Rockland Breakwater Lighthouse

Rockland Breakwater Lighthouse

The U.S. Coast Guard, the State of Maine and the American Lighthouse Foundation are pleased to announce the fourth annual Maine Open Lighthouse Day on September 15th.  An increasingly popular event, it’s the largest effort of its kind in the nation.

Maine treasures its 68 lighthouses, 18 of which are within a 40 mile radius of Camden, Maine. The Midcoast region of Maine is comprised of hundreds of peninsulas and many miles of jagged coastline that became both beautiful and dangerous for navigation. Maine lighthouses served as both beacons of hope and warning for wayward mariners.

While many of Midcoast Maine’s 18 lighthouses are only accessible by boat, four distinctly different lighthouses (Rockland, Owls Head, Marshall Point & Pemaquid Point) are within easy driving distance of the Inn.  In Rockland’s north end, you can walk the 7/8th-mile-long breakwater to the Rockland Breakwater Light.  A short drive south of Rockland will bring you to Owls Head Light in Owls Head Light State Park where there’s a convenient parking area near the lighthouse.

Marshall Point LightFurther down the St. George peninsula you’ll come to Marshall Point Lighthouse with its small museum and gift shop. Along the way you may want to stop at the Art of the Sea Gallery to view an extensive display of nautical art and artifacts. Stop at any of the several quintessential Maine Lobster “shacks” right on the edge of the water. You know the lobster will be fresh.

From Marshall Point, detour through the village of Port Clyde where there are several shops and galleries worth a visit. This is also the port for one of the boats making trips to Monhegan.

Pemaquid Point is a short ride further south. This is one of the most photographed lighthouses along the coast and has a spectacular setting. If it looks familiar, perhaps you’ve seen it on the Maine quarter. You can travel through picturesque Damariscotta before traveling back to Rockland.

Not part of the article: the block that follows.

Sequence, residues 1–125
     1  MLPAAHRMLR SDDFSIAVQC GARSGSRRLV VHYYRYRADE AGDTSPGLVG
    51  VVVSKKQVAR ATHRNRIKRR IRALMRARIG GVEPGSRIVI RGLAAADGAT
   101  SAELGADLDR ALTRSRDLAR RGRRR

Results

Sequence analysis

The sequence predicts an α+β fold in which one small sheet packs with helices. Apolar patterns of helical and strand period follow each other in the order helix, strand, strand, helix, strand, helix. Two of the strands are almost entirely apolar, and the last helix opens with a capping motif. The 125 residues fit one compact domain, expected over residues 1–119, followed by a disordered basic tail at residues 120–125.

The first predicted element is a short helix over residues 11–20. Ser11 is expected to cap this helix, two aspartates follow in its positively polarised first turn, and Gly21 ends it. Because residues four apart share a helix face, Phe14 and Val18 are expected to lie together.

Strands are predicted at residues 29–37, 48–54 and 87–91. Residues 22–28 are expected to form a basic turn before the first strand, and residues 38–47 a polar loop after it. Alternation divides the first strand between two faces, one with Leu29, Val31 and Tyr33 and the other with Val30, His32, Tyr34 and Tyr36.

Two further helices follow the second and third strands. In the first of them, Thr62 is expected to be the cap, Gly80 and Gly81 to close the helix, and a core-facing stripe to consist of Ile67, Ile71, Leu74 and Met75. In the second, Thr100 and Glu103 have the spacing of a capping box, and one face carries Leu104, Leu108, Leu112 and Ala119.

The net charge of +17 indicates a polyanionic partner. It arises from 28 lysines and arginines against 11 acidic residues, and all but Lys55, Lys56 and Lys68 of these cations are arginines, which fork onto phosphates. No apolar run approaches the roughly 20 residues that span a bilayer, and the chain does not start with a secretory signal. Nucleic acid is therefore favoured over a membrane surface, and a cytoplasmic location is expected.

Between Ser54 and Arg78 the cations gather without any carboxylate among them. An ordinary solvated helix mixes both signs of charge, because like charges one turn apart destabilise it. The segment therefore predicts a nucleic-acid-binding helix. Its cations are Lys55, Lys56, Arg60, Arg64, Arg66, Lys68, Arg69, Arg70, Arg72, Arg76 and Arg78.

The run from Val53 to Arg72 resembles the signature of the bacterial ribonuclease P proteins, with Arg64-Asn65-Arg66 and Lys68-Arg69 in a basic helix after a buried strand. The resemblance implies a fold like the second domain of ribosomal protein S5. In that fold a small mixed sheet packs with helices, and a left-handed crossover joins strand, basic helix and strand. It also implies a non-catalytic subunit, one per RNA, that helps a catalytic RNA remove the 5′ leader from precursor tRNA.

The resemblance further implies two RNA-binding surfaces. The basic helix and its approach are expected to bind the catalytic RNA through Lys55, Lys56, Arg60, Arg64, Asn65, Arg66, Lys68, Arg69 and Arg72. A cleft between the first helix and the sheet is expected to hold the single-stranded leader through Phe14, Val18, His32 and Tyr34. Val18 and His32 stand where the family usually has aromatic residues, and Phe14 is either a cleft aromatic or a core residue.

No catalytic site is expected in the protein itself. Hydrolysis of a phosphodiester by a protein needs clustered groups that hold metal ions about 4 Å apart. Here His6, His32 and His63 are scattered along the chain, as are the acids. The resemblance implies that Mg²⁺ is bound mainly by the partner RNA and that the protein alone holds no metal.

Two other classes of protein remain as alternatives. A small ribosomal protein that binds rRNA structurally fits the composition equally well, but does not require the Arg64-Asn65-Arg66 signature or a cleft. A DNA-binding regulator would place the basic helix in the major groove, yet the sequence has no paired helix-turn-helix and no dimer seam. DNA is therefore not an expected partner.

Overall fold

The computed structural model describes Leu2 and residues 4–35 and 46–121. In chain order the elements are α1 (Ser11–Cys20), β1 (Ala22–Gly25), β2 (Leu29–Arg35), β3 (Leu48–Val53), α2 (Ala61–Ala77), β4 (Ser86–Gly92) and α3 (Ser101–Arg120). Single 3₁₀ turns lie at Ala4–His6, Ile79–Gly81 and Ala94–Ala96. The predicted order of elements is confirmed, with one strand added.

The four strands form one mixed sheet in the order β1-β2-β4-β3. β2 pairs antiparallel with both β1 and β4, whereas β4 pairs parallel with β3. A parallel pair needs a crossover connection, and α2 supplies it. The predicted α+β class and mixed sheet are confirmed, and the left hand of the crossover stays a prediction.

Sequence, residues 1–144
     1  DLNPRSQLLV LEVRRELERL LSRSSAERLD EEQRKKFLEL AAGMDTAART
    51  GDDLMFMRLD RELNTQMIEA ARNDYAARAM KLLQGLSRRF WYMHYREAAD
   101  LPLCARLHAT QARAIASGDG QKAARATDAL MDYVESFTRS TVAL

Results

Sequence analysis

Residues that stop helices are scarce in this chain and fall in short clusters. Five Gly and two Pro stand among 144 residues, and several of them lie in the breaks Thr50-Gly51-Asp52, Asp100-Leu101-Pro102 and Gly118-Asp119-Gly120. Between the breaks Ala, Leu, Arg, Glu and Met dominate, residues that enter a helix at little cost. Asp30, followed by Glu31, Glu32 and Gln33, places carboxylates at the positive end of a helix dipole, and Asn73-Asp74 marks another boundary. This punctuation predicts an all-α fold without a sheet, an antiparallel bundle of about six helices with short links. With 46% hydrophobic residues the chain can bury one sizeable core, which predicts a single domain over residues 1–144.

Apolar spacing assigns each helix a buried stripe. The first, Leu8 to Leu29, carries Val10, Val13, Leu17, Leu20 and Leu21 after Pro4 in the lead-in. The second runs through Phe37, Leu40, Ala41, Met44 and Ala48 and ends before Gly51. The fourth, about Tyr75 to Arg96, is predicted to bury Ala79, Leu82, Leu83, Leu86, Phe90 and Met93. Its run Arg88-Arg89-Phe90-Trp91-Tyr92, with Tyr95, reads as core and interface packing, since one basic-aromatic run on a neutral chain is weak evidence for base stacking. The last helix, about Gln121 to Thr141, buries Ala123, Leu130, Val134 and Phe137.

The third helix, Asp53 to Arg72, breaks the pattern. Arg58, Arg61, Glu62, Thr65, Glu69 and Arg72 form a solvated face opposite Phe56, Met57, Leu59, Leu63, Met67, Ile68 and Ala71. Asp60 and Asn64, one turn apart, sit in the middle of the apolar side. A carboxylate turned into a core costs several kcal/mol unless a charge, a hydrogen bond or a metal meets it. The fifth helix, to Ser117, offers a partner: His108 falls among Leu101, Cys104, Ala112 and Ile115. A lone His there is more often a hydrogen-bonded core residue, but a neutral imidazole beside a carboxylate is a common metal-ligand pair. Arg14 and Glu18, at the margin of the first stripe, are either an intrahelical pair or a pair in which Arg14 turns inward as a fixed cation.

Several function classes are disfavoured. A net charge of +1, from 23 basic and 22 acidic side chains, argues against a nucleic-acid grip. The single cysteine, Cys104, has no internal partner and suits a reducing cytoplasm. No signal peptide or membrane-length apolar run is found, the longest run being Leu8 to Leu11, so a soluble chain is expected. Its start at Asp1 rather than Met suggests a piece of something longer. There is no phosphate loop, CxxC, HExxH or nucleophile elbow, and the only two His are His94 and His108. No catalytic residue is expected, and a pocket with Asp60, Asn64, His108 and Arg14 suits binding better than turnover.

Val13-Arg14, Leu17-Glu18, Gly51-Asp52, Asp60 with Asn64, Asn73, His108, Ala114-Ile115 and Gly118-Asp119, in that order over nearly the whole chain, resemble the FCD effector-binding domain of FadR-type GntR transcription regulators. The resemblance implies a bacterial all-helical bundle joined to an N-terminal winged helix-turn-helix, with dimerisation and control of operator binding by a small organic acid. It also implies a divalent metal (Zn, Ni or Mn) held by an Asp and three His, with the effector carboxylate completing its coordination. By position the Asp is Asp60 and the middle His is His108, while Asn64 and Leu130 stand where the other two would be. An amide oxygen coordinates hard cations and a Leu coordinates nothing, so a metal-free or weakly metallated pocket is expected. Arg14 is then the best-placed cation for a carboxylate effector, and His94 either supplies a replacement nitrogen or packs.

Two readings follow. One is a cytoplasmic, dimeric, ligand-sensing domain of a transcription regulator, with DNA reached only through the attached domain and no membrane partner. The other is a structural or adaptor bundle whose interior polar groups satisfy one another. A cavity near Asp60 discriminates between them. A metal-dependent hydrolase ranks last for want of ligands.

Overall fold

MidCoast Lighthouse Map

MidCoast Maine Lighthouse Map

Click on the map above or any of the lighthouses below for more information and the locations of all of  Midcoast Maine’s  lighthouses:
Browns Head Lighthouse
Curtis Island Lighthouse
Goose Rocks Light
Grindle Point Lighthouse
Heron Neck Light
Indian Island Lighthouse
Isle au Haut Light
Marshall Point Lighthouse
Matinicus Rock Light
Monhegan Island Light
Owls Head Light
Pemaquid Point Lighthouse
Rockland Breakwater Light
Rockland Harbor Southwest Light
Saddleback Ledge Light
Tenants Harbor Light
Two Bush Island Light
Whitehead Light

With our central location, you can make the Captain Lindsey House Inn your headquarters for immersion into the unique Maine experience. Unpack your bags, put away your stress, don comfortable clothes (there is little formality in Maine) and revel in the beauty and the peacefulness that has inspired artists, writers and poets for generations. There are few things Mainers enjoy more than sharing our maritime history.  This fascinating event only comes around once every year.  We hope we’ll see you soon.
Check Room Availability

Homemade Maine Wild Blueberry Pie

We’re bakin’ up pies as fast as Maine Wild Blueberries are bein’ picked.   Aside from being deee-licious, wild blueberries are rich in antioxidants and great anti-inflammatory food.  An excellent source of fiber and manganese, their health benefits are known to also include cancer prevention, urinary tract health, protection against stroke, heart health, vision health, and possible helping with metabolic syndrome.

These luscious berries are one of the few fruits native to North America. Native North Americans believed the Wild Blueberry had magical powers. Atop each Wild Blueberry is the base of its earlier flower, a calyx in the shape of a five-pointed star. Legend has it that during a time of starvation, the Great Spirit sent these “star berries” down from the heavens to relieve the hunger of his children.

Capt Ellen Barnes with Wild Blueberries

Named obviously for their velvety, deep-blue color, blueberries are also known as bilberries,  whortleberries  and hurtleberries.

Fresh wild blueberries are in their prime season right now here in Maine.  A glorious, tasty garnish for most any dish, they’re fabulous when infused into your favorite spirits as well as being the star of the show in desserts and fruit dishes.

But the pies that we make for afternoon snacking certainly aren’t the only delivery system we’ve found for these healthy delectable orbs.  Our guests  enjoy them in our sumptuous breakfast incarnations from blueberry pancakes,  muffins, scones, jams or sprinkled on our famous homemade granola.